You are hereNew York Times: A Hidden Toll as States Shift to Contract Workers

New York Times: A Hidden Toll as States Shift to Contract Workers

-by Motoko Rich

November 6, 2011- Grand Rapids, Michigan - Like many states and local governments struggling to cut costs, Michigan hopes to replace some government employees with contract workers who will do the same job for less.

Ginny Townsend, 41, took a job in January as a nursing assistant in the state-run home for veterans here. Technically, she works for a private company that supplies some employees to the veterans home under a state contract. She makes $10 an hour, about half the wage of the public employees working at the facility.

“I love my job, and I appreciate the opportunity to be here,” Ms. Townsend, a former home health care aide, said on a recent afternoon as she cheerfully delivered fruit and a newspaper to an 85-year-old resident in a sun-drenched solarium.

With the national unemployment rate at roughly 9 percent, Ms. Townsend says she feels lucky just to have a job. But on her low wages, she is barely scraping by. She said she was raising four grandchildren under 11 with her unemployed sister and could not support them without the $300 in food stamps she collects every month.

Now, the state wants to dismiss 170 nursing assistants on the public payroll at the veterans home and replace them with more contract workers like Ms. Townsend, prompting a legal dispute and much personal anguish.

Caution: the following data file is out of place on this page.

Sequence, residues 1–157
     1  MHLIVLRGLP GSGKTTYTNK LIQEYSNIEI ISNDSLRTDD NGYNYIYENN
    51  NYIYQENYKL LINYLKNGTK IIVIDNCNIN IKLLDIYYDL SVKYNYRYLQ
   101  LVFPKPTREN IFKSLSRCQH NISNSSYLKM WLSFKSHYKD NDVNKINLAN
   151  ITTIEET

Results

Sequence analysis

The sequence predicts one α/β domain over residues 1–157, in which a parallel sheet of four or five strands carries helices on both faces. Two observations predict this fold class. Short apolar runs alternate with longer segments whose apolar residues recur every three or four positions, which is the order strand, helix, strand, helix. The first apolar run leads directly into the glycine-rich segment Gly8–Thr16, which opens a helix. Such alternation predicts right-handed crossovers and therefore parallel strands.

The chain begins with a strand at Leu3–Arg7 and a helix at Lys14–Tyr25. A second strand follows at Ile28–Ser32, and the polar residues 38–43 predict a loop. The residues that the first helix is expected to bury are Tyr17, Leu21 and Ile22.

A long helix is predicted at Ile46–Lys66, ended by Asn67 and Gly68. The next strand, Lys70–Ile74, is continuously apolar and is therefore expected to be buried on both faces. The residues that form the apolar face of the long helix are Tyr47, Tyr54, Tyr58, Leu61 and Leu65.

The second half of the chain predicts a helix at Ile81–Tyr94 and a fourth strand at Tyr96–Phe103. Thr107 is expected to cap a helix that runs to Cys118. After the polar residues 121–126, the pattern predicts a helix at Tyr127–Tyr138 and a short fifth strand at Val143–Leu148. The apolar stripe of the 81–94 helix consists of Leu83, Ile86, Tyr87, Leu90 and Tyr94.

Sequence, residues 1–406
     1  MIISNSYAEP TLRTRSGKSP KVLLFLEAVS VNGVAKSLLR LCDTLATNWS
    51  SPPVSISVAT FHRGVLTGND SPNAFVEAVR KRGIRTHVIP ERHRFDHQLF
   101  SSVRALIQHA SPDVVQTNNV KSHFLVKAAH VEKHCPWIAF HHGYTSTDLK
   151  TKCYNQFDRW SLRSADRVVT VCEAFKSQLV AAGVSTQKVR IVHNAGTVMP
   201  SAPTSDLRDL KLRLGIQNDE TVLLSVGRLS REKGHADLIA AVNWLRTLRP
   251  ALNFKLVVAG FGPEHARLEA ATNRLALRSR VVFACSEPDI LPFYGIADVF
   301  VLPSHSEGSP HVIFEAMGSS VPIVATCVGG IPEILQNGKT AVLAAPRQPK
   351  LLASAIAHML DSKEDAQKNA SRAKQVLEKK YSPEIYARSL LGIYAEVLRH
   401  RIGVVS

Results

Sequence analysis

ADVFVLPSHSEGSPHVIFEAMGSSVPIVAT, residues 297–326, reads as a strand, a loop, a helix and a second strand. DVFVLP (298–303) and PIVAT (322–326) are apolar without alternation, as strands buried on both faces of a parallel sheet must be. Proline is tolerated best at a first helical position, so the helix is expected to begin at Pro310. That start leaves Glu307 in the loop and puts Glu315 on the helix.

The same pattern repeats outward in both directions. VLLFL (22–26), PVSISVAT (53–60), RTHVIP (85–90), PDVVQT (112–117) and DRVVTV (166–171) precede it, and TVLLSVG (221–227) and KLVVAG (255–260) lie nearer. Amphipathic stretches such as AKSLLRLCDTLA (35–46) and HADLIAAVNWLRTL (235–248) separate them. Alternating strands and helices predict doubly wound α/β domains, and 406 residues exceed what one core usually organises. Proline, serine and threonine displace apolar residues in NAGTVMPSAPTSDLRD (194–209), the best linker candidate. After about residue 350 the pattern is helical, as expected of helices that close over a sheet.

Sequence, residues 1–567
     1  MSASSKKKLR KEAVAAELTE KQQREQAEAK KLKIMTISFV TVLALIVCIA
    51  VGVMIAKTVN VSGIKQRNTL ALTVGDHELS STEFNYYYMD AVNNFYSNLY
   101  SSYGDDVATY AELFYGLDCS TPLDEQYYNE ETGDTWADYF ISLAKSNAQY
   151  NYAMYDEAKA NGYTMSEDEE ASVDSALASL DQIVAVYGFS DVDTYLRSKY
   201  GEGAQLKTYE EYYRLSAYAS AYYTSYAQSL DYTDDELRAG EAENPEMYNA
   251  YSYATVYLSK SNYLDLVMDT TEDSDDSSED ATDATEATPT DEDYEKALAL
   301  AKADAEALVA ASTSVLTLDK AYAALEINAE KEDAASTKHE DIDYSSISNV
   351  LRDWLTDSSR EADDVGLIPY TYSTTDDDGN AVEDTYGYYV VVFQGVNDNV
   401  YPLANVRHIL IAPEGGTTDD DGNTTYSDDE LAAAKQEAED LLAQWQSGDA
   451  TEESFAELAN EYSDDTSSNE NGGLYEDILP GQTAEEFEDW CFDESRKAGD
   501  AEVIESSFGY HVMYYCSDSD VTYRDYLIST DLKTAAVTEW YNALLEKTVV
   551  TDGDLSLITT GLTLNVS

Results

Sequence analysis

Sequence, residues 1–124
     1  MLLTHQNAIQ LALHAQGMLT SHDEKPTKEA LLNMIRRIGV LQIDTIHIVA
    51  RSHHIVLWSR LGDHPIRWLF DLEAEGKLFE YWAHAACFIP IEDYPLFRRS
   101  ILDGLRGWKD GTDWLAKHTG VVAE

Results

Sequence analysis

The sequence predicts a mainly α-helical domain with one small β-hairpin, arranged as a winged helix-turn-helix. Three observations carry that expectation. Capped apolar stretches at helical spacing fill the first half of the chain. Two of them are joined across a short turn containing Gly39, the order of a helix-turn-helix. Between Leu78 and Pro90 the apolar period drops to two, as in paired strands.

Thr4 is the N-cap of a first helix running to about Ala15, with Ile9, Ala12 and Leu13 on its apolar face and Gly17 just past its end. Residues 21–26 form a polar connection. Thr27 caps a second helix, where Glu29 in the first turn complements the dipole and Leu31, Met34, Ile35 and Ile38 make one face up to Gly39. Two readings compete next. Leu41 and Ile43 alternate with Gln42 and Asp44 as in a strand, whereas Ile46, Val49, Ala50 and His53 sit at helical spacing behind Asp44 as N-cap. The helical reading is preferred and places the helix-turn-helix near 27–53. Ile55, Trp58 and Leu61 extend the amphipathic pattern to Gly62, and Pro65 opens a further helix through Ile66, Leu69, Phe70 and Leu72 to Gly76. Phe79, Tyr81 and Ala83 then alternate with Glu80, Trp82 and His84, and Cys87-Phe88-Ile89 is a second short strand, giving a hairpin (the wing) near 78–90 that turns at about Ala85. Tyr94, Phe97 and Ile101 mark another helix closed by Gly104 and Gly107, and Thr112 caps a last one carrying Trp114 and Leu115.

The legal battle highlights the potential pitfalls in such decisions. Outsourcing, usually intended to ease strained public budgets, tends to most directly affect people like Ms. Townsend and her co-workers. But there can be other drawbacks. The quality of services provided by contract workers, for example, may not be as consistent as that of experienced government employees. And taxpayers can end up paying for the cuts in more indirect ways.

What governments save in salaries and benefits often “ends up on the government books through all sorts of programs,” said Paul C. Light, a professor at the Wagner School of Public Service at New York University, referring to unemployment insurance, Medicaid and other public assistance for workers earning low incomes.

Outsourcing becomes more popular during tough economic times as states and municipalities transfer the operations of facilities like prisons, school cafeterias and sanitation departments to private contractors. Governors or legislatures in Arizona, Louisiana, New Jersey and Pennsylvania have all proposed reviews of state agencies in search of opportunities to privatize operations.

Many local governments like Anaheim, Calif., and Luzerne County, Pa., have contracted out services including park maintenance, graffiti removal and tax claims. Mayor Rahm Emanuel of Chicago recently outsourced recycling collection in parts of the city.

In Michigan, the plan to replace state nursing assistants at the veterans home resulted in a lawsuit contending that some temporary workers employed by the contract company had already jeopardized patient care. In one case, the suit says, a resident fell off his bed and broke his neck after being left unattended by a contract worker. A judge has granted a preliminary injunction that keeps the state employees at work while the lawsuit moves forward.

The injunction also prevents new workers from J2S Healthforce Group, which recently won the contract to replace the state employees, from taking jobs at the facility. The company has provided fill-in nursing assistants at the veterans’ home since 2001.



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